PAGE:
Figure 1: Continuous cell cycle tracking: (A). Diagrammatic representation of a cell expressing the cyclin B1-GFP reporter as it progress through the cell cycle to mitosis. (B) Snapshots from a timelapse phase contrast sequence to indicate cell morphology, cell position and delivery to mitosis; and (C) Corresponding fluorescence channel in the same sequence to show cyclin B1-GFP expression and hence cell cycle position and progression, cell indexed by arrow is tracked through interphase (G1,S and G2) and mitosis (divided into three sub phases – Prophase, Metaphase and Telophase), before successful segregation to two daughter cells.
Image:Figure2.tif
Figure 2: Encoded cell lineage. An exemplar lineage encoded from a progenitor cell (B), where the cell divides into two daughter cells 5 hours after the start of the experiment. The north daughter (BN) again divides at 27.66 hours into two daughter cells BNN and BNS while the south daughter BS failed to divide within the duration of the experiment. Three living cells (BNN,BNS and BS) at the end of the experiment yielded three tracks labelled as track 1 2 and 3 respectively.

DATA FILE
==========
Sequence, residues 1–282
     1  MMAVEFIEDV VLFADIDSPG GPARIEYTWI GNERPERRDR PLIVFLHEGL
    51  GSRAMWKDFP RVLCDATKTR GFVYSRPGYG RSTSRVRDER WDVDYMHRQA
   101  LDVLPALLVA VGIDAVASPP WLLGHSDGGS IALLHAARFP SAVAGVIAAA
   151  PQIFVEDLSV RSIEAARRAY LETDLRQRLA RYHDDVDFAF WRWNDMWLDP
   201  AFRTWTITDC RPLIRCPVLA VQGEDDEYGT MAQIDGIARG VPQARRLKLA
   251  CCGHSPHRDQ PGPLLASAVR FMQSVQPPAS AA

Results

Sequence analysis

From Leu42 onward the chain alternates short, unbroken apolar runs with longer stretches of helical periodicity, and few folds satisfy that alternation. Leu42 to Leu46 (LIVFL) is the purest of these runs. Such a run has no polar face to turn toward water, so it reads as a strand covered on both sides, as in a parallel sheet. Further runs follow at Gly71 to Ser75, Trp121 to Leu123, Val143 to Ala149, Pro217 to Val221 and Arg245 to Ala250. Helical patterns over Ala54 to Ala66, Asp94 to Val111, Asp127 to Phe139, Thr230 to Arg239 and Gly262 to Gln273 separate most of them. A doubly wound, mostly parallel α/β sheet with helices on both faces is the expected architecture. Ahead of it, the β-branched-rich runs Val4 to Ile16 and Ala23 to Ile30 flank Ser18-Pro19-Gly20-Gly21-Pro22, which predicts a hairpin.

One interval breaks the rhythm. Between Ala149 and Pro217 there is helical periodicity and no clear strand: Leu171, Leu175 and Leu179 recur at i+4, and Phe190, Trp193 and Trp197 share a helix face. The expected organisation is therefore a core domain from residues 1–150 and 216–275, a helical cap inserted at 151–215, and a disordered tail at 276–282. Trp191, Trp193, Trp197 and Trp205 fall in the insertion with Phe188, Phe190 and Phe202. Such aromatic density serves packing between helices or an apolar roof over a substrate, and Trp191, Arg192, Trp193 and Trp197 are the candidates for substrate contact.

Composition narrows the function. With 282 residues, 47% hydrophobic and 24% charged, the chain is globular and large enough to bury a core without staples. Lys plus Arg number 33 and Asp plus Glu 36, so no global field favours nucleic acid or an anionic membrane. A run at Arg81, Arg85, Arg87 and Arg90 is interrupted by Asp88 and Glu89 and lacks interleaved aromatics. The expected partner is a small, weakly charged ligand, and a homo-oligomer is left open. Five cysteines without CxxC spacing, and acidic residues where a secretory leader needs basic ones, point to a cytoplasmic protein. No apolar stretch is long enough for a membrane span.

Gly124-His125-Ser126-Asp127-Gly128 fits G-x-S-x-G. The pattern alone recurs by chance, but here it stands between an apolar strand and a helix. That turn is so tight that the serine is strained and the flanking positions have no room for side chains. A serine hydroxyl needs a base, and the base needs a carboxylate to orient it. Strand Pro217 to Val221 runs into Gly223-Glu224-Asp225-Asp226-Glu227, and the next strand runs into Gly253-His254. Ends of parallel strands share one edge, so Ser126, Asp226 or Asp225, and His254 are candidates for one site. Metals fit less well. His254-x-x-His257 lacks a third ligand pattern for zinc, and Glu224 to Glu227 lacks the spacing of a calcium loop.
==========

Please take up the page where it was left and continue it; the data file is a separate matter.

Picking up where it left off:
Image:Figure3.tif
Figure 3: Single cell tracking of multilevel scalar events: Intensity, motility and directionality for the three tracks derived from the typical lineage shown in figure 2. Upper row depicts the cyclin B1-GFP intensity profile along each track, three compartments were tracked the nucleus (red line) and corresponding cytoplasm (black line (two regions of interest)). Middle row depicts motility of the same cell (derived from position of nucleus). Motility (in pixels) is the distance travelled by the cell between each consecutive plane (20 minutes interval) and was calculated using Pythagorean theorem for distance measurement here it presented in a cumulative fashion. Lower row shows the average angular direction of the cell at every 4 hour time interval. Considering the nuclear position of each cell as the positional point, the tangent angle of each consecutive plane was measured and averaged for each 4 hour interval. NOTE when considering the motility along a particular track, an abrupt increase of the motility corresponding to M phase of cell cycle is observed which is solely attributed to a translation of the dividing cells (ie a mechanical artefact).